The Covid-19 pandemic might end up having a limited impact on the European market for power purchase agreements, according to Jason Tundermann, vice president of business development at US-based trading adviser LevelTen Energy.
“When it comes to corporate renewable procurement, fortunately, temporary economic shocks are likely to be less important than long-term energy price trends,” Tundermann told pv magazine. “On the LevelTen Marketplace, we run 20,000 independent Monte Carlo simulation trials on more than 750 PPA offers every day, so our clients have a complete picture of how a PPA could perform over the life of the contract.”
Tundermann said the price drops of the past month are within the range of values that LevelTen Energy’s risk analysis approach would produce. Although energy demand and prices have fallen dramatically, the impact on renewable energy projects is not yet dire, as the vast majority of developers have long-term contracts in place to guarantee a price for the energy they produce.
Only merchant projects that sell power to the spot market may be seriously hit by the crisis, he claimed. “Corporate buyers that previously signed virtual PPAs, and therefore bear market price risk, will also be experiencing increased virtual power purchase agreement settlement costs,” he said. “At the same time, however, it’s important to note that these same corporate buyers would presumably also now experience lower energy bills – which specifically illustrates the potential hedge value of a virtual PPA, if structured properly.”
He has not detected a dramatic decline in the present net value of long-term PPA offers, which should provide comfort to the many corporate buyers who have decided to proceed with their procurement strategies. “Corporations with renewable energy goals still see climate change as a looming threat and remain committed to reaching their sustainability goals,” Tundermann stressed.
So far, corporations have indicated that they are still interested in procuring renewable energy through new PPAs to meet their greenhouse gas emission targets. “RFP activity is continuing; in fact, LevelTen just launched its first European RFP for a large energy buyer,” Tundermann said.
Supply chain delays
The most immediate near-term Covid-19 impacts have come from supply chain delays and uncertainty about financing. Projects that are in the middle of the construction process could experience equipment delivery days and labor constraints, which could push back their expected commercial operation dates, Tundermann said. This means they could miss key delivery milestones in their offtake agreements.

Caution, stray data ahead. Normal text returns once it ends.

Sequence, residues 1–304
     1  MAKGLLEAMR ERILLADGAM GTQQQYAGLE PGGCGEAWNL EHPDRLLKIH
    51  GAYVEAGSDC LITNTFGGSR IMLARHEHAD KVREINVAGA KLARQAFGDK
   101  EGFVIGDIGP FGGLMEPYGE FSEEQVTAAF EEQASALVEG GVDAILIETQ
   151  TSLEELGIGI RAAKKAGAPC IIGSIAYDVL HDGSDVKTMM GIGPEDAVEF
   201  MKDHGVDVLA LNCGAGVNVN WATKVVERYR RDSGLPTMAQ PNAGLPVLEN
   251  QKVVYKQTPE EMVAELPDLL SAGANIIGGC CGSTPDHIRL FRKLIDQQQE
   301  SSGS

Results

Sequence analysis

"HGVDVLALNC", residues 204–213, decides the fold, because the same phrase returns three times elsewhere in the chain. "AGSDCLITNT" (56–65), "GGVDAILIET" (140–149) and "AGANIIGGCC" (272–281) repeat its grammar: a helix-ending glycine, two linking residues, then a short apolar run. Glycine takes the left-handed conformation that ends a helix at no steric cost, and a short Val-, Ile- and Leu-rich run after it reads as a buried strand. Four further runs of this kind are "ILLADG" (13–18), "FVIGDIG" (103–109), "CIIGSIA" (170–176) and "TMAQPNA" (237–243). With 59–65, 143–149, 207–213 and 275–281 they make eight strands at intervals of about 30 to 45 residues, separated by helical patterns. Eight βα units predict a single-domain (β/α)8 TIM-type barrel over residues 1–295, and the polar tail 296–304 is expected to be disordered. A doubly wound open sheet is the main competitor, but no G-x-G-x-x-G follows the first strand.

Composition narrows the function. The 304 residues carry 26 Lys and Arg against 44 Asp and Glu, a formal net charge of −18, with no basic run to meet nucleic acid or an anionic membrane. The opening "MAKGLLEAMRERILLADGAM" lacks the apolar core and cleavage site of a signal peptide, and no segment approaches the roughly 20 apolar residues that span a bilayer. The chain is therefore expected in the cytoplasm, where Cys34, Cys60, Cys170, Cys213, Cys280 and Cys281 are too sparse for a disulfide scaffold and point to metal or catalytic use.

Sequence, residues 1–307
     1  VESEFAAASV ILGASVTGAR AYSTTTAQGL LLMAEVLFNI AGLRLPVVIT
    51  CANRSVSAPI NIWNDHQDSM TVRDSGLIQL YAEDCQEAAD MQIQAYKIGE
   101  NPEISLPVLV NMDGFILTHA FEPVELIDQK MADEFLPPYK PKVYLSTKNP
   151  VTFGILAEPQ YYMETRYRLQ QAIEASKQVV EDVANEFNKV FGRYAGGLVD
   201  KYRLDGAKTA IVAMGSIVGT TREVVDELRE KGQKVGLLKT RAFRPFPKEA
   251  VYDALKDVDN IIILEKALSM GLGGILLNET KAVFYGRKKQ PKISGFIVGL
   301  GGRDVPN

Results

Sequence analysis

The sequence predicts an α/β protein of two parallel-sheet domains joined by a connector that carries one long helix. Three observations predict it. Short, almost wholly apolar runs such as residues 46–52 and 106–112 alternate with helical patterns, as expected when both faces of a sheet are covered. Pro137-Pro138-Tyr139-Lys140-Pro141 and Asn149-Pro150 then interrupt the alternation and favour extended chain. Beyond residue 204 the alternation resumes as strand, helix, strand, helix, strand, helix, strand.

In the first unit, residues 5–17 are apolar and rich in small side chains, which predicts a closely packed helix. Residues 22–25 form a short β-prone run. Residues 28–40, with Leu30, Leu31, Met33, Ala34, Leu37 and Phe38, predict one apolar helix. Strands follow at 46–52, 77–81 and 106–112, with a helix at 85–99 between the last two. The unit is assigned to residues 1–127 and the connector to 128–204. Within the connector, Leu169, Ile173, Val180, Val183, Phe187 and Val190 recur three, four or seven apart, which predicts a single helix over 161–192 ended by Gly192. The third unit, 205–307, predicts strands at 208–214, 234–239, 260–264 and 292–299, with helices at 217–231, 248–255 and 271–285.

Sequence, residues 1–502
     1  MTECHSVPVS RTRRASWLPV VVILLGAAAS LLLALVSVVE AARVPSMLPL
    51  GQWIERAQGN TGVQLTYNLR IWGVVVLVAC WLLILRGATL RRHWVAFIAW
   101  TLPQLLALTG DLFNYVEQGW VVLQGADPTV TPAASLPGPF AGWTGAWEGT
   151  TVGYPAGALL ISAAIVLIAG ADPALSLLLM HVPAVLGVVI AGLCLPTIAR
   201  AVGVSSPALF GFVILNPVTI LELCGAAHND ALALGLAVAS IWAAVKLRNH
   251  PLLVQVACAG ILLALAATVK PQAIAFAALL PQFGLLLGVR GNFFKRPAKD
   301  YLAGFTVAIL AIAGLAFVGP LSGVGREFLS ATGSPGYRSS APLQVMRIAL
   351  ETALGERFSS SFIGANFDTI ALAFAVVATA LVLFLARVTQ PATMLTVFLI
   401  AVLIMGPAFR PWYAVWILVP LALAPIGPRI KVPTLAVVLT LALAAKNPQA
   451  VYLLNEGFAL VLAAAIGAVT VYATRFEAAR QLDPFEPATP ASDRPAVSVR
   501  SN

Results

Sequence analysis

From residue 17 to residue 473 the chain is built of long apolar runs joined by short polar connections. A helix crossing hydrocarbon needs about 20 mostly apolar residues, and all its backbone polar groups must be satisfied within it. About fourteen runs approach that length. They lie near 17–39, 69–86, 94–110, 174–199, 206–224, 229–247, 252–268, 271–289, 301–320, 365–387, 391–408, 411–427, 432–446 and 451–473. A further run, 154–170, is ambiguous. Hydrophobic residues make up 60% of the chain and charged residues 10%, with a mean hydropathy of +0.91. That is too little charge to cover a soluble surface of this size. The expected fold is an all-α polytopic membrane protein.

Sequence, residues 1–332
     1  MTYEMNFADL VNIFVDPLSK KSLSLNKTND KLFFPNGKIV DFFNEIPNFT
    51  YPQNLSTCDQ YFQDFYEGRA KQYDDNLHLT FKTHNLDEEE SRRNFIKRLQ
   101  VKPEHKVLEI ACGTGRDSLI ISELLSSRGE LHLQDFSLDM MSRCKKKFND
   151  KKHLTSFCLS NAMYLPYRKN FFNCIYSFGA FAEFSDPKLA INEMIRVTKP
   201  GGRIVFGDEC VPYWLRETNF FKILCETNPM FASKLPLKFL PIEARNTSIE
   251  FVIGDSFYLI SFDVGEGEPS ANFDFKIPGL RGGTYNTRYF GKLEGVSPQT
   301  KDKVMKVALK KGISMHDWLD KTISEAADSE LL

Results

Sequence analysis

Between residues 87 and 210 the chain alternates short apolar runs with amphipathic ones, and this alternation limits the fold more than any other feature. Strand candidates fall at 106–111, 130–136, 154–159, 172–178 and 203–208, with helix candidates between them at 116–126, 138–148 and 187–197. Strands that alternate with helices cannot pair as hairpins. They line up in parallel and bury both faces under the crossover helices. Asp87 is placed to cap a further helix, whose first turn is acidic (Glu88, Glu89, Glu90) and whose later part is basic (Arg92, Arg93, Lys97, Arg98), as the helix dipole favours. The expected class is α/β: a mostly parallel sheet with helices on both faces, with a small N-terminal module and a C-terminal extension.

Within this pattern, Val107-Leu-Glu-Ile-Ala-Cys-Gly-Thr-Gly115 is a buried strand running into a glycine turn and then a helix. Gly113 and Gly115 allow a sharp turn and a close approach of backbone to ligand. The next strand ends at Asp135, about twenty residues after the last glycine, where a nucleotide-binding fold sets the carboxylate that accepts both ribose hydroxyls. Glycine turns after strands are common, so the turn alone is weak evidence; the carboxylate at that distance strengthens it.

“Even though the industry is facing significant energy price reductions and project supply chain disruption, we’re heartened to see the business community maintain renewable procurement momentum,” he said. “Only a few planned transactions on the LevelTen platform are on pause during the COVID-19 crisis, and no buyer has asked to cancel.”
The good thing about PPAs, Tundermann explained, is that they are long-term contracts for projects that aren’t expected to reach commercial operation for one to three years out, so short-term volatility does not have a major impact on the value of deals.
“Although Covid-19 is having a material effect on energy prices – and causing lower settlement values in the short-term – we believe it’s important that corporations and developers maintain a long-term perspective on what drives project valuation,” he said. “This means keeping their eye focused on the intersection of demand growth and the cost of supply, and not on short-term disasters or their economic effects.”
Climate change is still critical to long-term corporate sustainability, Tundermann added.
“If a corporation signs a PPA now, the project won’t start construction until next year, when (hopefully) everyone is back to work,” he concluded. “That work will not only be critical for getting our economy back on track, it is critical for reducing emissions in the long run.”
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